at build_alawflfnvbheflz1u3pnprkyz.run(/Users/wolfs/projects/gradle/test-tryout/dep-warnings/build.gradle:1)

I would currently only expect to be warned about line 2 of build.gradle. What do you think? I would print the whole stacktrace when running gradle -s.

I would also be happy to continue this discussion on a PR, so feel free to open one.

I did not yet have time to look at deprecations-user-nagger branch, but I will have a look later that week.

Thank you very much for looking into this!

Regards,
Stefan


(Jörn Huxhorn) #10

I opened the pull request Deprecation warning should print location in build file.

I changed the implementation to only print the first Gradle script location as you suggested.

I agree with you that --stacktrace should cause the full stack trace of the warning to be printed but I see no easy way of obtaining that info from inside LoggingDeprecatedFeatureHandler. Please tell me if you know of one.

So I’d suggest to postpone this to the potential deprecation logger redesign and keep the current behavior as it is for now, i.e. -Dorg.gradle.deprecation.trace=true causes a full stack trace.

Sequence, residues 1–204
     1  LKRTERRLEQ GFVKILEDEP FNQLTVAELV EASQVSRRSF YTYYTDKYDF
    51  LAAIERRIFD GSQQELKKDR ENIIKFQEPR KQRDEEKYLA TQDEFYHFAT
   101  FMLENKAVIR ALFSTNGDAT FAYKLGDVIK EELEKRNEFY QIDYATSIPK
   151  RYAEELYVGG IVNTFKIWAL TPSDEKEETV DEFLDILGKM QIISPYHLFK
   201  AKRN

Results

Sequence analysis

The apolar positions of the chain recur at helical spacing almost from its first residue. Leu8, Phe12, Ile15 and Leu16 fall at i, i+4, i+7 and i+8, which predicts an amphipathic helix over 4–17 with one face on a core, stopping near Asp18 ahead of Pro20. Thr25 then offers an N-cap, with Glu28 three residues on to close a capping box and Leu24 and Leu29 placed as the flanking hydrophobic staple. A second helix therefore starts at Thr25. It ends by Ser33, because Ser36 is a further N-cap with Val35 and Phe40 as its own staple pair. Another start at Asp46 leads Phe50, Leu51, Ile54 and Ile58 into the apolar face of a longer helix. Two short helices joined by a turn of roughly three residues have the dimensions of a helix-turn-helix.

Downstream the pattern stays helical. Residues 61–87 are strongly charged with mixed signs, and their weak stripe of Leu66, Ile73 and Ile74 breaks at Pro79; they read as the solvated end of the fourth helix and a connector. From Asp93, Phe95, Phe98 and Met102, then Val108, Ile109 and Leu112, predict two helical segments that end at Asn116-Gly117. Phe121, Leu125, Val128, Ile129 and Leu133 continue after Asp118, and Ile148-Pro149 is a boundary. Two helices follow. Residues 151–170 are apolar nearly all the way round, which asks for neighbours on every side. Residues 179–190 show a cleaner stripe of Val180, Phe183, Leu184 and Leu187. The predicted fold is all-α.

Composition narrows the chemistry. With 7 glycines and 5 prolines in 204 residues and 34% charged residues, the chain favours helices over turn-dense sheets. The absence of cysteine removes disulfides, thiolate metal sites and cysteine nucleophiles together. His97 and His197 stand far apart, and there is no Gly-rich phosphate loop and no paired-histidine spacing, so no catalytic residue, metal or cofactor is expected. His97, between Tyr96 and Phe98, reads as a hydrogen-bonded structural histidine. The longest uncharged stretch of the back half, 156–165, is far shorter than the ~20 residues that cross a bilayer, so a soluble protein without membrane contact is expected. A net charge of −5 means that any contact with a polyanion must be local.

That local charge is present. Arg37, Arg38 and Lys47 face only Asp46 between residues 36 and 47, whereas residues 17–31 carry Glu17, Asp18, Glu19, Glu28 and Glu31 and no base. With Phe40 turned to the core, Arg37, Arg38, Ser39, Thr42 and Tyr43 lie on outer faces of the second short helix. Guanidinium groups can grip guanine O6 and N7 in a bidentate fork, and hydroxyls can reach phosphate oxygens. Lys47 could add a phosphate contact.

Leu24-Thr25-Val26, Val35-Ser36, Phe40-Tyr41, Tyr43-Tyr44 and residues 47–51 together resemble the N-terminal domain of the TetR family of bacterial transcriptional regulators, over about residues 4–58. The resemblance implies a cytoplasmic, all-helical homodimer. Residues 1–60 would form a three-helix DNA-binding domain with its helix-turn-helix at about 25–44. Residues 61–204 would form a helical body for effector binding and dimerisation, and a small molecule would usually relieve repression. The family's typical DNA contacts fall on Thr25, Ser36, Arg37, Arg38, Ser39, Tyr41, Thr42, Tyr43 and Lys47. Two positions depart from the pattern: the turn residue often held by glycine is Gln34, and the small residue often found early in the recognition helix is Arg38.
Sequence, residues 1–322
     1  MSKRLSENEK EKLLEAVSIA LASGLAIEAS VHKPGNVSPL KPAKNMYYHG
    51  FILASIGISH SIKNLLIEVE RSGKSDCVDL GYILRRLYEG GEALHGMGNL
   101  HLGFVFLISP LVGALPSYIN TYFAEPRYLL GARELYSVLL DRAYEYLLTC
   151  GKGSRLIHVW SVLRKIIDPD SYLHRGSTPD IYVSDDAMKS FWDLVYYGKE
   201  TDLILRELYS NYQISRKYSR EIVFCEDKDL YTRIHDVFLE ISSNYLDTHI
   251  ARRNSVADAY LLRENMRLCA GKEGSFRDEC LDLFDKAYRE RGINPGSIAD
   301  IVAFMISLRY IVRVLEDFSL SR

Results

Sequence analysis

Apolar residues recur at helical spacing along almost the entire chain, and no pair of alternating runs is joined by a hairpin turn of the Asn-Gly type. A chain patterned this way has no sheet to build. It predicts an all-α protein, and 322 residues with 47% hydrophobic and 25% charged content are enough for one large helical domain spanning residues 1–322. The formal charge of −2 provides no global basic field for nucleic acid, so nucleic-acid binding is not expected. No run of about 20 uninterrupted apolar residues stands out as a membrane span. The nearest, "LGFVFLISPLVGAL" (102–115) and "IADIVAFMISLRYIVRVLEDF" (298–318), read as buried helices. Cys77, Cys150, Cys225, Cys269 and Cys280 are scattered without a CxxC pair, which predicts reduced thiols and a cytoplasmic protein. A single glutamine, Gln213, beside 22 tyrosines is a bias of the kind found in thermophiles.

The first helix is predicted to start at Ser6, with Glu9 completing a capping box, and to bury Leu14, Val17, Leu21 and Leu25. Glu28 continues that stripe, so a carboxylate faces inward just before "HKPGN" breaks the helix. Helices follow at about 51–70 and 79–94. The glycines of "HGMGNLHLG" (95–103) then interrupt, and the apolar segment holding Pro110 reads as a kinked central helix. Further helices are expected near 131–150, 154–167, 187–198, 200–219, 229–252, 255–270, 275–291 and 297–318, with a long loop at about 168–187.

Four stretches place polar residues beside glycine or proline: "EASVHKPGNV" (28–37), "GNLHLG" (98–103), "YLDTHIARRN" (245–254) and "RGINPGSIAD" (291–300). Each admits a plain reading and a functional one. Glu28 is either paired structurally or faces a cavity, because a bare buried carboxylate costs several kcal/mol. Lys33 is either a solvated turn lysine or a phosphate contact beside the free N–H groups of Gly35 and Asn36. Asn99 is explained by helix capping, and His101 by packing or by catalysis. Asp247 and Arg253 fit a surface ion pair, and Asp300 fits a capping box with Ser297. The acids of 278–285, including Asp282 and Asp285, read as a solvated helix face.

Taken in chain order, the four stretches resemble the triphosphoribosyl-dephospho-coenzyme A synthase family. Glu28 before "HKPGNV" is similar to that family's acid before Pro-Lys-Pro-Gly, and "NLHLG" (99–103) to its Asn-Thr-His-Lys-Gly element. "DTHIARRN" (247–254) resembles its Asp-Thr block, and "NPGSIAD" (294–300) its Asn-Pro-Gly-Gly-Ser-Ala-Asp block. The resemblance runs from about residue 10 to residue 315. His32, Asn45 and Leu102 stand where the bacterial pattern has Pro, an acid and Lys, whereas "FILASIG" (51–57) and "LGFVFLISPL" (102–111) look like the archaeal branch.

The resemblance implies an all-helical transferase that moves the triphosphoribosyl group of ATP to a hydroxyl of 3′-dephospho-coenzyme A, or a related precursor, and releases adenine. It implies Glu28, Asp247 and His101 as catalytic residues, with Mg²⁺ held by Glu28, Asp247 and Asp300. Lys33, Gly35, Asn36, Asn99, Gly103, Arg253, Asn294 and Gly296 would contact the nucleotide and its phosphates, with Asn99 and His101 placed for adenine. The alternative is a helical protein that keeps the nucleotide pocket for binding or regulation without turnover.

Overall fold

I’d like to change some more stuff regarding deprecation warnings in the long run.

Most importantly, I’d like to not prevent duplicate deprecation warnings while still preventing duplicate incubation warnings.

I was getting a bit erratic while fixing the deprecation warnings in our 490 module build, being forced to fix one after the other, restarting the build after every single fix… :stuck_out_tongue:

There is one other thing:
I added your build file example above to the integration tests but I was unable to make the integration test work like a “normal” Gradle would. It would always print the full stack trace of the deprecation warning, regardless of anything I tried (like setting the system property). Any idea why this is happening?


(Stefan Wolf) #11

Regarding the integration tests always printing the full stacktrace: I think this is because of https://github.com/gradle/gradle/blob/c8281087bcb1eaa0fe97f5942563d05347beccaa/subprojects/internal-integ-testing/src/main/groovy/org/gradle/integtests/fixtures/executer/AbstractGradleExecuter.java#L708-L708


(Jörn Huxhorn) #12

Yep, I found it. Will extend AbstractGradleExecuter accordingly. Thanks!


(Chris Doré) #13

I cannot recall if plugins even cause deprecation warnings or not, but have you considered or tested how your changes behave in that scenario?